Wilmette, Ill. : Chiron Publications, c1991.
xv, 159 p.; 23 cm
Jung believed that great literature compensates for collective psychic imbalance, either by offering alternatives or by reflecting the imbalance. In this study, Snider explores Jung's theories by focusing on a wide selection of Western literature. Included are chapters on Merlin as he was portrayed by Victorian authors, Swinburne's Tristram of Lyonesse, Virginia Woolfs Orlando and The Waves, The Member of the Wedding and Clock Without Hands by Carson McCullers, Oscar Wilde's The Picture of Dorian Gray, and the poetry of W. H. Auden.
LibraryThing member scottcholstad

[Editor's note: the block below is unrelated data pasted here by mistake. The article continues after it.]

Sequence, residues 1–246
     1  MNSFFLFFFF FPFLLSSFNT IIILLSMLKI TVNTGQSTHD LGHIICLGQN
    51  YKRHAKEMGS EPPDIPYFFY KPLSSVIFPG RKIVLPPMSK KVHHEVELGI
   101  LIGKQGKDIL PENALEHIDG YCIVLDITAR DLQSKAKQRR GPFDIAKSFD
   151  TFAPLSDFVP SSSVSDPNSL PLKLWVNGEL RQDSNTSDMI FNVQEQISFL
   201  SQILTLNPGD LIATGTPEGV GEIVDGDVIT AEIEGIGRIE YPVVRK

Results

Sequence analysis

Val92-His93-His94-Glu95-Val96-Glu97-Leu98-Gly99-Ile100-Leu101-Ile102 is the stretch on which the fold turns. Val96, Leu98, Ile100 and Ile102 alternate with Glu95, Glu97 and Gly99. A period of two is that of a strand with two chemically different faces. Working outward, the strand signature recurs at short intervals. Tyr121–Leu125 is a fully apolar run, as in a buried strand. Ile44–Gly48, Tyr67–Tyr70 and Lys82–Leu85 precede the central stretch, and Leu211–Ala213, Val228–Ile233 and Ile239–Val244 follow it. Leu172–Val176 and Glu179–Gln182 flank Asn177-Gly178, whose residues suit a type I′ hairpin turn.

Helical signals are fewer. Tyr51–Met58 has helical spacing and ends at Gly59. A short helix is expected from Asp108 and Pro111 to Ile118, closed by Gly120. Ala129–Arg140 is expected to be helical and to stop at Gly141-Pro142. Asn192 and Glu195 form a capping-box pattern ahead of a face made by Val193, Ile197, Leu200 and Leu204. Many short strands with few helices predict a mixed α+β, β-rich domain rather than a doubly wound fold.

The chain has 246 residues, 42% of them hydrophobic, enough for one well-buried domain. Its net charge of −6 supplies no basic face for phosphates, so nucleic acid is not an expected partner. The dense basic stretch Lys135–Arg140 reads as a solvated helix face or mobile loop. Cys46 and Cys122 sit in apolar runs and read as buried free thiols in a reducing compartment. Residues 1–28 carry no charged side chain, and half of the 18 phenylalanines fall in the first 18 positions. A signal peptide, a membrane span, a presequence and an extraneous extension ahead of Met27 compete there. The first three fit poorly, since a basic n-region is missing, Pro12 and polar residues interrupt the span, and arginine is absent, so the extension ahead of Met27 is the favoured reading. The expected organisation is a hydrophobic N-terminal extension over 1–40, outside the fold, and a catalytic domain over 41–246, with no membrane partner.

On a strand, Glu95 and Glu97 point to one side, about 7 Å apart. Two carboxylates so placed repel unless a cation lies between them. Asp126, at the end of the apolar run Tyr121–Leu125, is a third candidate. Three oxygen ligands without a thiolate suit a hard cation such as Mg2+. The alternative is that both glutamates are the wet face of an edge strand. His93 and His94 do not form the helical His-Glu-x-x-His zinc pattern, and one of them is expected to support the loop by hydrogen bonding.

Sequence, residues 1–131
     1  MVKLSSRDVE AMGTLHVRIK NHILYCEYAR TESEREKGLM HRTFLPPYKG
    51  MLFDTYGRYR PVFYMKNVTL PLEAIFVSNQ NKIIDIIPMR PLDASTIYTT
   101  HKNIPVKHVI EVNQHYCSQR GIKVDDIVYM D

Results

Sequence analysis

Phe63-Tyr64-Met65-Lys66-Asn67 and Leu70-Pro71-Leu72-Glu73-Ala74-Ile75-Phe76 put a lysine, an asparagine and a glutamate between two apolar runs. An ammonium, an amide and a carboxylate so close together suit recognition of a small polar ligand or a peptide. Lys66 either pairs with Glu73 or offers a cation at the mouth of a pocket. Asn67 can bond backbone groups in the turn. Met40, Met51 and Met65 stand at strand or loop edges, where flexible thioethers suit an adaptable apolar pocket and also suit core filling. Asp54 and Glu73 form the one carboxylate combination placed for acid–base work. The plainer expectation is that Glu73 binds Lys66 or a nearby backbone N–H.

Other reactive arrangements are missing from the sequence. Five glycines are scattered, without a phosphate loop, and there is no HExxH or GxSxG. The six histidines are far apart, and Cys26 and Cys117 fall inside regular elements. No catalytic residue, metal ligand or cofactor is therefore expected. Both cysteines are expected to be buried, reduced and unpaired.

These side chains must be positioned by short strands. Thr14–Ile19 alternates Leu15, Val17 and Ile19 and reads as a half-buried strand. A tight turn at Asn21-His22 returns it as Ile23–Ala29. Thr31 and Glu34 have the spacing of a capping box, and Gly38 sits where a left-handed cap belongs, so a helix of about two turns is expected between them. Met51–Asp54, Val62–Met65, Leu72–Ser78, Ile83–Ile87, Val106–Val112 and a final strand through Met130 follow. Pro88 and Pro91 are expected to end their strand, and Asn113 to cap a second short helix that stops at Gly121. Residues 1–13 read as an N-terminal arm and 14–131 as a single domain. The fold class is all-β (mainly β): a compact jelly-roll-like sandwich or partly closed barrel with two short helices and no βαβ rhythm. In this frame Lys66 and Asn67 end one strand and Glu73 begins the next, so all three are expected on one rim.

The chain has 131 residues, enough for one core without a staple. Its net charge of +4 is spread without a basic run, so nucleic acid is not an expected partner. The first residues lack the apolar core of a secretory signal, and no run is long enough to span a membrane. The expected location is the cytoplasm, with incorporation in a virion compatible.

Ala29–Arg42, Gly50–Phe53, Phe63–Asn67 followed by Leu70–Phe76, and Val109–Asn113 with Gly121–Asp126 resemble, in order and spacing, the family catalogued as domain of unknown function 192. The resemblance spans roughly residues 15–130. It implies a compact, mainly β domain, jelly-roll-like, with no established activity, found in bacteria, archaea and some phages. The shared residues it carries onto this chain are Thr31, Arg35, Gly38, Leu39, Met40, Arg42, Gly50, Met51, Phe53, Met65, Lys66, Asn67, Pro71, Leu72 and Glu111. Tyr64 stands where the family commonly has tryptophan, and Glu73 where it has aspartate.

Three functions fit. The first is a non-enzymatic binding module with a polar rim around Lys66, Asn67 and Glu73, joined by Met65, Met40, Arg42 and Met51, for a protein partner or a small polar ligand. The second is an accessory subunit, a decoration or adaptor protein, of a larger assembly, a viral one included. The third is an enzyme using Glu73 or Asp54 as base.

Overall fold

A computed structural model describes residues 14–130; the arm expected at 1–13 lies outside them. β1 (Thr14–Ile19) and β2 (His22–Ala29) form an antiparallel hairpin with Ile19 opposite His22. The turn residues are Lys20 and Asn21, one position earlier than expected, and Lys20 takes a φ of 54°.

I've had the pleasure of knowing Clifton Snider for decades, literally, and he's a great guy, a good soul, an extremely gifted poet, and in the case of this book -- which I first got and read many, many years ago right after it was published -- he proves that he's also a gifted writer and critic, and as I found out, someone who knows Jung better than many people I've known. I have read and re-read this book several times, and while it's a "niche" book, if you have any interest in this area, I couldn't recommend it more.
Similar in this library
Amor and Psyche : the psychic development of the feminine : a commentary on the tale by Apuleius by Apuleius.,
The collected Works of C.G. Jung, Volume 9, Part I: The archetypes and the collective unconscious by C.G. Jung
The new God-image : a study of Jung's key letters concerning the evolution of the western God-image by Edward F. Edinger
The invisible partners : how the male and female in each of us affects our relationships by John A. Sanford
Projection and re-collection in Jungian psychology : reflections of the soul by Marie-Luise Von Franz